Patrick Wilson returns as both star and first-time director of The Red Door, the fifth and hopefully final Insidious movie.
Fifth installments have always been tricky when it comes to horror franchises. It’s difficult to make a horror movie interesting even one time, let alone five. Once in a while, studios try to offer something fresh with their fifth entry, such as the major tonal shift in Seed of Chucky. Or the total franchise reset of Friday the 13th: A New Beginning. As for the beloved Insidious franchise, Sony and Blumhouse decided to forge their own path with a direct sequel to Insidious: Chapter 2 with Patrick Wilson both starring and directing (in his feature debut). The result is one of the most painfully unoriginal, poorly-written slogs in recent memory.
Following the events of Chapter 2 rather than 2018’s Insidious: The Last Key, the Lambert family is finally back after being absent for the third and fourth prequel films. The movie jumps to 9 years in the future where we get a flurry of information. Lorraine, the family matriarch, is dead, and Josh (Patrick Wilson) and Renai (Rose Byrne) are divorced. But worst of all, Dalton (Ty Simpkins) is moody. Both Josh and Dalton having had their memories blocked of all the events of the first two films and have also drifted apart. To try and rekindle any kind of father-son relationship, Josh offers to drive Dalton to college and help him get settled.
The first 15 minutes offer hope.
The set-up is solid, and the building blocks of an interesting movie are present. This is where previous Insidious movies would pivot and introduce the main demonic villain, or the idea of it early in the film, creating suspense and a familiarity that would inevitably lead to a satisfying third act boss fight between good and evil. We all know how this goes.
Insidious: The Red Door instead spends an extended amount of time with its main antagonist: a foggy memory. As Dalton settles into college, he takes one (literally one) art class where he’s asked to go deep within himself, and as the teacher counts down from 10, hazy memories of past demons begin to enter his mind. The movie then dilly-dallies on both Dalton and Josh’s foggy memory for far too long, confusing the audience on what this movie is even about.
Patrick Wilson pulls double duty with this film, and his first effort as director was frankly doomed from the start due to this risk-averse screenplay. Outside of a clever opening crane shot of an upside-down cross, the movie doesn’t offer much in terms of visuals or aesthetic. The shots are steady and predictable with actors in familiar blocking. It isn’t rare for first-time directors to play it safe, but The Red Door is practically afraid of its own shadow.
Scott Teems, screenwriter of Firestarter and Halloween Kills, took over screenplay duties from series regulars James Wan and Leigh Whannel (who helped develop the story with Teems). It’s not clear how a film at only 97 minutes managed to be this meandering, particularly for a mainstream horror franchise. The film sets up certain moments to be massive reveals, but they’re mostly just Dalton remembering something the audience already knows if they watched the previous movies.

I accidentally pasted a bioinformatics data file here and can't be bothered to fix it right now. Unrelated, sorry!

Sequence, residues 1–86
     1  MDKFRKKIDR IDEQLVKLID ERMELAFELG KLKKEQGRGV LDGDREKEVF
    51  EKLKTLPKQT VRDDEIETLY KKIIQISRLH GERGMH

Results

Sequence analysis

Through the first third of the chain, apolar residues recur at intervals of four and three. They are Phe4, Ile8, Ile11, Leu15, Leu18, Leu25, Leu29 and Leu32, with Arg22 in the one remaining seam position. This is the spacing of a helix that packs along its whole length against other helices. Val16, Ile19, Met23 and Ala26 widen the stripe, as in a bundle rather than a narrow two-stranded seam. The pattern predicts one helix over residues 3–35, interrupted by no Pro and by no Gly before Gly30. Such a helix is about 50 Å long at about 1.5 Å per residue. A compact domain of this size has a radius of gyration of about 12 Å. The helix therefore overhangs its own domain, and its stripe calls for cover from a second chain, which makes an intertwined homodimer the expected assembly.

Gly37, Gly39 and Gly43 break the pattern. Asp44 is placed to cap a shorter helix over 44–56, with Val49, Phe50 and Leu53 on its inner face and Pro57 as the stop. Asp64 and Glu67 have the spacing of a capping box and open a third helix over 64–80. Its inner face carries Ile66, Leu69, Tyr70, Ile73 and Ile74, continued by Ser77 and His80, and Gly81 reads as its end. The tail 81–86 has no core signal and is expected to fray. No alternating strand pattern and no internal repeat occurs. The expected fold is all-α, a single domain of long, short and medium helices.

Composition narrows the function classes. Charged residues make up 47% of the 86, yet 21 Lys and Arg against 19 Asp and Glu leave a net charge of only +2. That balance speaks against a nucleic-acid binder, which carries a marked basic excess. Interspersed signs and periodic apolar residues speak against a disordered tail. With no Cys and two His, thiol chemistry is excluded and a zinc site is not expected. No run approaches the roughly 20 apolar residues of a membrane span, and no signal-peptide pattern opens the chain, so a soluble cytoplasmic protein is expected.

Each Insidious installment offers updated lore and an expanded understanding of the series’ demonic universe, but Red Door doesn’t even attempt to add its own stamp. Instead, it rehashes previous plot lines and nearly mimics a third act from an earlier film. The most notable downfall is the dialogue, where as the film forces us to witness a 50-year-old white man trying to Gen-Z-ify their character.
Perhaps the only redeemable aspect of The Red Door is a great performance from series newcomer Sinclair Daniel, who plays Dalton’s roommate/sidekick, Chris. Even with the deck stacked against her as the unfortunately designated comic-relief (with some of the film’s worst one-liners), she still manages to deliver unbelievable lines somewhat believably.
The Red Door criminally underuses Rose Byrne, perhaps due to production or contract issues. Ty Simpkins does what he can with an inconsistently written character, offering a few decent moments of grief, but mostly flat indifference otherwise. Though no one holds a candle to “Nick the Dick” (Peter Dager), maybe one of the worst characters put to screen this decade and likely, hopefully, an elaborate prank on behalf of the filmmakers.
The bottom line.
You may be in a place where you’ll really want to like Insidious: The Red Door for both Patrick Wilson’s sake and the franchise itself. If you’re hoping to find at least something you’ll like, you will almost certainly not. The film is a clinic in what happens when franchises and IP changes creative hands to those who lack the vision and artistic lens that made the previous films so good. The film’s horror and suspense has gone MIA, along with any convincing dialogue or a director with a clear story to tell. This is absolutely one door that should stay shut.
Insidious: The Red Door is now playing in theaters. Watch the trailer here.
Images courtesy of Sony Pictures Releasing. Read more articles by Mike Overhulse here.
INSIDIOUS: THE RED DOOR - 2/10